Working the puzzle – Most Americans are living at or above their means. If this is the case for you, building an effective budget will be like working a puzzle. You may need to look at cutting some costs to make that puzzle fit together more easily.

Looking ahead – If you have large quarterly or annual expenses to plan for, it’s smart to look ahead and consider the best ways to do that. Often, the easiest thing is to budget a little every month and then use automatic transfers from your checking to savings so that you’re not bearing the burden all at once.

Every month – You will need a budget for every month. Eventually, you may find that it’s easy to simply copy last month’s budget with some small changes while other months require more work. It’s often most effective to budget an entire quarter at once so that you get a broader view of your needs.

The Hard Part

The hardest part to any budget is sticking to it. It’s easy to get carried away on vacation or to forget all about it when the kids need shoes. That’s why it’s important to check in with your budget before making purchases and to make needed adjustments. Remember, your budget isn’t carved in stone. It’s a living, breathing document that is most effective when it’s kept updated and when it’s used.

Are you ready to get started with a budget that will put your money to work for you? There’s no better time to start than today!

Teach Your Children To Save

Full coins in a jar. Saving money. Growing concept.Save money for children and future.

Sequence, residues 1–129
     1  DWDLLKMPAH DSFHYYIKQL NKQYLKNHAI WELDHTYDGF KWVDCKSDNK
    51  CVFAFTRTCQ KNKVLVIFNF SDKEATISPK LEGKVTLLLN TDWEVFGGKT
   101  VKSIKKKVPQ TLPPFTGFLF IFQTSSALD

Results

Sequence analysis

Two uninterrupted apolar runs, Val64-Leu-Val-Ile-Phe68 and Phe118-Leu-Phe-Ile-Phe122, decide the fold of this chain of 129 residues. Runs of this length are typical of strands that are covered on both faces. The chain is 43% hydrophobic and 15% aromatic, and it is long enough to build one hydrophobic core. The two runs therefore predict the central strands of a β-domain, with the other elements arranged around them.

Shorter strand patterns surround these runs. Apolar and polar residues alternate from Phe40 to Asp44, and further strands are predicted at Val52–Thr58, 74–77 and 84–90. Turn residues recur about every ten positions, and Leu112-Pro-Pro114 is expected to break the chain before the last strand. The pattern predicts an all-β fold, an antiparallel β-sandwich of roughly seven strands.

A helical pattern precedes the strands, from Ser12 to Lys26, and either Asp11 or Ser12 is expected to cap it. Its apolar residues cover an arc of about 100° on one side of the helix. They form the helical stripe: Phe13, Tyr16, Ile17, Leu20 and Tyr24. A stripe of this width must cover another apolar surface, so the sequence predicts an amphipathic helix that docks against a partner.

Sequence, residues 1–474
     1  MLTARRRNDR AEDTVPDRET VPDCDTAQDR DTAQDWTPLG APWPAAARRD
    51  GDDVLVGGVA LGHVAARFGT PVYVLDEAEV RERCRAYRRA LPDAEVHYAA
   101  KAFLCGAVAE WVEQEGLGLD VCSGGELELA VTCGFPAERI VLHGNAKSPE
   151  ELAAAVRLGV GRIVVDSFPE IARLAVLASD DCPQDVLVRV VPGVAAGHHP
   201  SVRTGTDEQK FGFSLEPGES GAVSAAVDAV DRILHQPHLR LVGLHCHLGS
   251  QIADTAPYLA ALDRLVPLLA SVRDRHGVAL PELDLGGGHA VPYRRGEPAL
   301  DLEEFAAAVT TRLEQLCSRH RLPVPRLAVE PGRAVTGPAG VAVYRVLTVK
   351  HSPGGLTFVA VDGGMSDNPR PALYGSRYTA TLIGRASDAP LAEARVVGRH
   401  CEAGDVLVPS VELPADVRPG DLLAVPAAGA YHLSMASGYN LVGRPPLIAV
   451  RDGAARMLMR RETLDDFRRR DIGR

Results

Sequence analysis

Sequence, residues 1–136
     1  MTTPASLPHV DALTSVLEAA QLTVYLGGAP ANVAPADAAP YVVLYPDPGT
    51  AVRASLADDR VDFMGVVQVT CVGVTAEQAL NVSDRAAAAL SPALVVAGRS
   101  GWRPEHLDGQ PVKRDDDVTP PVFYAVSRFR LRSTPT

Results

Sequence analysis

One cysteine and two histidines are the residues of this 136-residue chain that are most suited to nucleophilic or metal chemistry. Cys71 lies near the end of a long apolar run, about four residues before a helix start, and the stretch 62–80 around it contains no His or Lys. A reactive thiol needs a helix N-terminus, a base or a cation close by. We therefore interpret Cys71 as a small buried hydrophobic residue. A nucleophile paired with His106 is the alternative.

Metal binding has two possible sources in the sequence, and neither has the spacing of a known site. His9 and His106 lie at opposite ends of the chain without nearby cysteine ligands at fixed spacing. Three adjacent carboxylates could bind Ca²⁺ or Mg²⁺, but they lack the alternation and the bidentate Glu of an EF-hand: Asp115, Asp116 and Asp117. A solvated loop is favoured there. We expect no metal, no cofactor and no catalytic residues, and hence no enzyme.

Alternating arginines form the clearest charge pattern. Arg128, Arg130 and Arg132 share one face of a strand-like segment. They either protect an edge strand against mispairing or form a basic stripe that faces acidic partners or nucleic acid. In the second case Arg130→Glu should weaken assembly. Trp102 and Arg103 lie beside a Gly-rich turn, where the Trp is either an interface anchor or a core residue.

Every spring, our bankers go into local schools to talk with youngsters about saving money. It’s part of a national effort called Teach Children To Save, led by the American Bankers Association. While we can’t go into classrooms this year, we are working to reach out to students in other ways.

With young kids, we talk about why someone might need a bank, why money is safe when kept in a bank, and the importance of saving money. Here’s some food for thought for you to help your kids develop money saving skills and understand the difference between needs and wants.

  • Make saving visual. Piggy banks are wonderful but a clear jar will allow your child to see their savings grow. If your child has a passbook savings account, help them keep their passbook current or even have them draw a chart so they can see their money grow.
  • Help your child see that things cost money. Don’t just tell your child that a toy costs $10. Help them make the connection between that cost and their money by helping them count out their money and show them how their savings decreases.
  • Talk about the difference between needs and wants. We need food, shelter, and clothes. That means we need shoes to wear but we don’t need Nikes. We want Nikes but could wear something cheaper. We need to buy food for dinner but junk food like Oreos are a want.
  • Make them buy some of their own wants so that they can see how hard it is to save money. Use this process to show them opportunity cost. “If you buy this toy, you won’t have enough money to buy a video game later.”